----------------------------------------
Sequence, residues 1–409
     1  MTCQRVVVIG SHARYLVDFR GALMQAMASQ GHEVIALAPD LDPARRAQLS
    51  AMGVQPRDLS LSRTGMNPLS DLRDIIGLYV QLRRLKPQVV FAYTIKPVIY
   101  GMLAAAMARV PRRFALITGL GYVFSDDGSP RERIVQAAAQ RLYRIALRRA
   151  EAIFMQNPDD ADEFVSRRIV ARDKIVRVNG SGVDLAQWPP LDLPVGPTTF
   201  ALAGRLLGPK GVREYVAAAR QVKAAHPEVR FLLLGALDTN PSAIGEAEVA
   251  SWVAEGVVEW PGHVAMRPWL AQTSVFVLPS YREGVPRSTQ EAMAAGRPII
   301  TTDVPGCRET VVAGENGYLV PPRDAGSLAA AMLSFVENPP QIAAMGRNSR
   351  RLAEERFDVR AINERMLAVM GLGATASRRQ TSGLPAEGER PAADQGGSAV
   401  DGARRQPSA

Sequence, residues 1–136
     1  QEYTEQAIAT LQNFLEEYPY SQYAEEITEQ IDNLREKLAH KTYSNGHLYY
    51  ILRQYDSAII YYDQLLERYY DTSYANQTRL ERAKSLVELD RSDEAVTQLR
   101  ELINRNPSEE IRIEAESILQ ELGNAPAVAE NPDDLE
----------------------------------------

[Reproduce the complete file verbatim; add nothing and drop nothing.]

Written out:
Sequence, residues 1–409
     1  MTCQRVVVIG SHARYLVDFR GALMQAMASQ GHEVIALAPD LDPARRAQLS
    51  AMGVQPRDLS LSRTGMNPLS DLRDIIGLYV QLRRLKPQVV FAYTIKPVIY
   101  GMLAAAMARV PRRFALITGL GYVFSDDGSP RERIVQAAAQ RLYRIALRRA
   151  EAIFMQNPDD ADEFVSRRIV ARDKIVRVNG SGVDLAQWPP LDLPVGPTTF
   201  ALAGRLLGPK GVREYVAAAR QVKAAHPEVR FLLLGALDTN PSAIGEAEVA
   251  SWVAEGVVEW PGHVAMRPWL AQTSVFVLPS YREGVPRSTQ EAMAAGRPII
   301  TTDVPGCRET VVAGENGYLV PPRDAGSLAA AMLSFVENPP QIAAMGRNSR
   351  RLAEERFDVR AINERMLAVM GLGATASRRQ TSGLPAEGER PAADQGGSAV
   401  DGARRQPSA

Sequence, residues 1–136
     1  QEYTEQAIAT LQNFLEEYPY SQYAEEITEQ IDNLREKLAH KTYSNGHLYY
    51  ILRQYDSAII YYDQLLERYY DTSYANQTRL ERAKSLVELD RSDEAVTQLR
   101  ELINRNPSEE IRIEAESILQ ELGNAPAVAE NPDDLE